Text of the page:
By Amy Weatherby-Johnson
The subject of the KGBA trademark has come up a few times lately on the Kinder Folks Facebook group and other internet groups. There are many benefits to the Kinder name being trademarked. There are also some misunderstandings that should be cleared up for the sake of the breed and KGBA members.
Who trademarked the “Kinder” name?
The trademark was registered by the Kinder Goat Breeders Association. Trademarking the Kinder name prevents it from being used for multiple registries or being used in ways that misrepresent the breed. Having one official breed registry means owners and breeders can be assured that the breed has one set of standards to follow and one source of registration information. As the breed expands in size and quality, all breeders should be focused on creating Kinders as close to the breed standard as possible. This trademark helps all of us do that by requiring that all first generation goats come from registered stock and that goats sold as Kinders are truly Kinder goats.
Who benefits from the Kinder name being trademarked?
The trademark benefits everyone who cares about this breed. From those that breed and sell Kinders to those that have businesses based on the milk or meat that Kinders provide, anyone selling a true Kinder has the same standards and guidelines to follow. The trademark means that all future Kinder owners should expect a goat that meets the breed standard and is actually what it is said to be. Buyers can purchase a true Kinder with the expectation that their new goat will not have disqualifying faults. All goats sold as Kinders will affect the reputation of the breed and ethical breeders are committed to ensuring that their goats show the breed well. Legally reserving the Kinder name for goats that were originally bred from a registered Nubian and a registered Pygmy protects those buying Kinders from buying a goat that is actually a cross of unregistered parents or other breeds.
Why is it important that the Kinder name is trademarked?
If the name was not legally protected it could be used on any cross of goats that resemble Kinders. If any goat that is similar to a Kinder could be sold as a Kinder, there would be no incentive to breed the best examples of Kinders that we can. It would also mean that there would be little reason to invest in strong genetics and it would reduce the market price for goats that are bred to meet the standards. As a seller, there would be little to no market for well bred registered Kinders and no reason to improve your herd. As a buyer, there would be no guarantee that your new goats came from registered parents and are truly purebred Kinders. Without a trademark, the name could also be used by multiple registries, as some other breeds have done. That would add to the expense of raising goats by having to pay for multiple registrations to meet the requirements of different regional shows. In all aspects, the trademark protects the breed and Kinder owners.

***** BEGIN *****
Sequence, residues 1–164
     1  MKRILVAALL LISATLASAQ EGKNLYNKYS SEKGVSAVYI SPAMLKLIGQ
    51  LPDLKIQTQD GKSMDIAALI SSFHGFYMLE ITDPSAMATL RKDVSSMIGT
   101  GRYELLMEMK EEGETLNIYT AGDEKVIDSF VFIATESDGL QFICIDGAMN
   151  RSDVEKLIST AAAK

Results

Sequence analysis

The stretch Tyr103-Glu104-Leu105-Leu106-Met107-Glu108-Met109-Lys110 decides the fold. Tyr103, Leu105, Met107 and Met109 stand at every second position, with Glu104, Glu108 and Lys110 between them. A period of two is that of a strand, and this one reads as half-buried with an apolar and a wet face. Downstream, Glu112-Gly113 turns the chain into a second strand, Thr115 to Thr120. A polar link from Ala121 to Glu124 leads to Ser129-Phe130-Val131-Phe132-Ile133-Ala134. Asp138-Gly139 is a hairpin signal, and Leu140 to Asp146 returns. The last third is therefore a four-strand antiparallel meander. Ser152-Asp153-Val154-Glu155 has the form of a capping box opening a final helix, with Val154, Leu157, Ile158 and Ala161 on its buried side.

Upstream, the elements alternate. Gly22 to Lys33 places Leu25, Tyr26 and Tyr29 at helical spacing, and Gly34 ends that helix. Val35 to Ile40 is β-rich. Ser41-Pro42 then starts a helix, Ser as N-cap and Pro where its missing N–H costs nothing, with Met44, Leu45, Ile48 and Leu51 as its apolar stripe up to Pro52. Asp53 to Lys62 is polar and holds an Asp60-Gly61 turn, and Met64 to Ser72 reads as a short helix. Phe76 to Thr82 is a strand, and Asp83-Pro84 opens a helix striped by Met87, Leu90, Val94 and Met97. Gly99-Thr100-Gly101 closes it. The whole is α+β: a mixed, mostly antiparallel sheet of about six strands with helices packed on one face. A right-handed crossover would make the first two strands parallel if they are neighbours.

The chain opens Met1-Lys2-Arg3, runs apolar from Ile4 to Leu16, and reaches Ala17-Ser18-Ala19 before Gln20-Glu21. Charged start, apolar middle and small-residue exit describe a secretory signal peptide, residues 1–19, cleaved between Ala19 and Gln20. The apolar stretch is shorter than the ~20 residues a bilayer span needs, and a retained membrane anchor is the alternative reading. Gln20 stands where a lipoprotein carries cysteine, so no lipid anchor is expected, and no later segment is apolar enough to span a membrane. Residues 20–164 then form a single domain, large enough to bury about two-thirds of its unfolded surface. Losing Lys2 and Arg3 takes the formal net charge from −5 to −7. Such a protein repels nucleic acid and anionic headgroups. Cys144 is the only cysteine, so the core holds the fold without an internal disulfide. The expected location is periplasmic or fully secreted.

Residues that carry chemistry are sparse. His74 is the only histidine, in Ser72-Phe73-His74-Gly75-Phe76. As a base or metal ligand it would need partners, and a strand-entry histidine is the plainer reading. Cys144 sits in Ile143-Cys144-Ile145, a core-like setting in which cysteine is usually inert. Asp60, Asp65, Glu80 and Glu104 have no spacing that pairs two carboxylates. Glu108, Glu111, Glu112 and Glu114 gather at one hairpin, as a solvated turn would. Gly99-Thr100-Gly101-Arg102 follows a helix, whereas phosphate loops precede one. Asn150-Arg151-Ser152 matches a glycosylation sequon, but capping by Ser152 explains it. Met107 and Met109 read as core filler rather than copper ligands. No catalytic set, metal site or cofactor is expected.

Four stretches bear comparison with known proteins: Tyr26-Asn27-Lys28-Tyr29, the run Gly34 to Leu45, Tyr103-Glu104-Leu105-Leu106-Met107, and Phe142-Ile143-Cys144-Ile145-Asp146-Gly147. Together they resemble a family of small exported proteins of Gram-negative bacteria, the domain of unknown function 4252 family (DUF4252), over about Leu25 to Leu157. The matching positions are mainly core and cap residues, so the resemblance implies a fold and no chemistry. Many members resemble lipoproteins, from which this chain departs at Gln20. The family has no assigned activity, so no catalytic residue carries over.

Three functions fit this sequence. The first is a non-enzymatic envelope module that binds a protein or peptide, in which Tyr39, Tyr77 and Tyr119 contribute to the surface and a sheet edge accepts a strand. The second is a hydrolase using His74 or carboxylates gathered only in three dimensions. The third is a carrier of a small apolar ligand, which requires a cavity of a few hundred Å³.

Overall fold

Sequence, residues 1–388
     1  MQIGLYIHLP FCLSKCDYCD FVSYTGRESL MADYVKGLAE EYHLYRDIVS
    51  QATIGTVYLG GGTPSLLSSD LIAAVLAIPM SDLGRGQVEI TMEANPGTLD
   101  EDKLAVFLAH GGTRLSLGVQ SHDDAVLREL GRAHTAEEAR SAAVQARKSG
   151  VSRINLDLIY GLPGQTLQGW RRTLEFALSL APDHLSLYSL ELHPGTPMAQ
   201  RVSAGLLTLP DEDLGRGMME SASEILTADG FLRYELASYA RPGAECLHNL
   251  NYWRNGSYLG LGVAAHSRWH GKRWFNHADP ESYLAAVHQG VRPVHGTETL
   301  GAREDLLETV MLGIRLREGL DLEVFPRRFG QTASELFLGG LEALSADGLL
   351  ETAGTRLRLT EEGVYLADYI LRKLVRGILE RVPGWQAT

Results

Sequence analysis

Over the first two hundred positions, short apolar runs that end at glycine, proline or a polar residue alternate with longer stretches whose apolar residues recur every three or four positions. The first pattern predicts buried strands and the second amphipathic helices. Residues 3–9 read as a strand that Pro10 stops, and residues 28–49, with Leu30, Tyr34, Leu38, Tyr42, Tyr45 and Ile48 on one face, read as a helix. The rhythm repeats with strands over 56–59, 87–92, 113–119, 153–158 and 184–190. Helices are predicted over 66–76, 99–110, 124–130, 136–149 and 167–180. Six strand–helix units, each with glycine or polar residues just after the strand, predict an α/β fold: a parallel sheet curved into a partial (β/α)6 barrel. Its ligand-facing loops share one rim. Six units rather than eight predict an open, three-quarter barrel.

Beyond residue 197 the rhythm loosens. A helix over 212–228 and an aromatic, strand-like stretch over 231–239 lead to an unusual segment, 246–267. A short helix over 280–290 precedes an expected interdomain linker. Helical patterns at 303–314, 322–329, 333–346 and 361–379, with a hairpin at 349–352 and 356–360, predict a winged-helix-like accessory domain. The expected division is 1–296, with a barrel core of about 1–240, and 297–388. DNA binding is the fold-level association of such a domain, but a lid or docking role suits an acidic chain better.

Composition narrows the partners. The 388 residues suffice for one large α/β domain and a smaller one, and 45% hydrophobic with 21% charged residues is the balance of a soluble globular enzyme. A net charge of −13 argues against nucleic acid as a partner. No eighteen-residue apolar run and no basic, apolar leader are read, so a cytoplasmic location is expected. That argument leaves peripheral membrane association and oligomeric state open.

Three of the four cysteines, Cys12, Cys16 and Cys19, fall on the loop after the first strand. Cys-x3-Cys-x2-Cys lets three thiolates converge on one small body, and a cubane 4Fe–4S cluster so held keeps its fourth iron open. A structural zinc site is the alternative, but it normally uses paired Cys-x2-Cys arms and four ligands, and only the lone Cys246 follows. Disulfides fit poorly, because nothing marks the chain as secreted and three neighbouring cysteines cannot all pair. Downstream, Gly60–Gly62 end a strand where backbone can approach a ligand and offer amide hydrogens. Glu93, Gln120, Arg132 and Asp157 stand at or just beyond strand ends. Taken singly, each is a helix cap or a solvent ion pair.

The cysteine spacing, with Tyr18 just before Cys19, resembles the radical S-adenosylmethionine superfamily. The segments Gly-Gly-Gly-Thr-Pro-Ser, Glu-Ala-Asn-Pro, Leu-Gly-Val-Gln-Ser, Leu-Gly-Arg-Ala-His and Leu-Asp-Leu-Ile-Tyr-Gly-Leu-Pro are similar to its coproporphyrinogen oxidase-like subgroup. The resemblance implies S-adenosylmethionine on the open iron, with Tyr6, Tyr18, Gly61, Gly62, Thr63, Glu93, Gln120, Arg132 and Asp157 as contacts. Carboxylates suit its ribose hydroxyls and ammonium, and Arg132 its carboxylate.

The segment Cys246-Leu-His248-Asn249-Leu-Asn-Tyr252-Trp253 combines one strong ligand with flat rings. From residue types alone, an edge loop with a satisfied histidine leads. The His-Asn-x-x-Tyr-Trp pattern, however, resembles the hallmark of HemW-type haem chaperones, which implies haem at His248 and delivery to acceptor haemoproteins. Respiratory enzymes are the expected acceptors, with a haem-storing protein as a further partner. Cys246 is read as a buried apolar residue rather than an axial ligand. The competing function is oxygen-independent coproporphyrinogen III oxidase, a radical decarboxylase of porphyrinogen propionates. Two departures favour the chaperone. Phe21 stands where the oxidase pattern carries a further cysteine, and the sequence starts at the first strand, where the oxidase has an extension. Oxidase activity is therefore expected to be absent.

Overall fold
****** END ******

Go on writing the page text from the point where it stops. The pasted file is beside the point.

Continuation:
How does that affect my and my goats?
If your goats are registered with the KGBA, or were born to a registered Nubian and a registered Pygmy and can be registered with the KGBA, you have Kinders. You can sell, breed, and show them as Kinders. If your goats are not from registered parents and can not be registered with the KGBA, you have “kinder-type” Nubian/Pygmy crossed goats. You can not legally sell or show unregisterable goats as Kinders.
Is my goat trademarked?
Individual goats are not trademarked. Only the use of the name Kinder is legally protected by trademark.
Do I need permission to use the name “Kinder”?Per the KGBA, there is no licensing requirement to use the Kinder name on marketing or promotional materials. Although membership has many benefits, you are not required to be a member of the KGBA in order to complete a registration on your goat.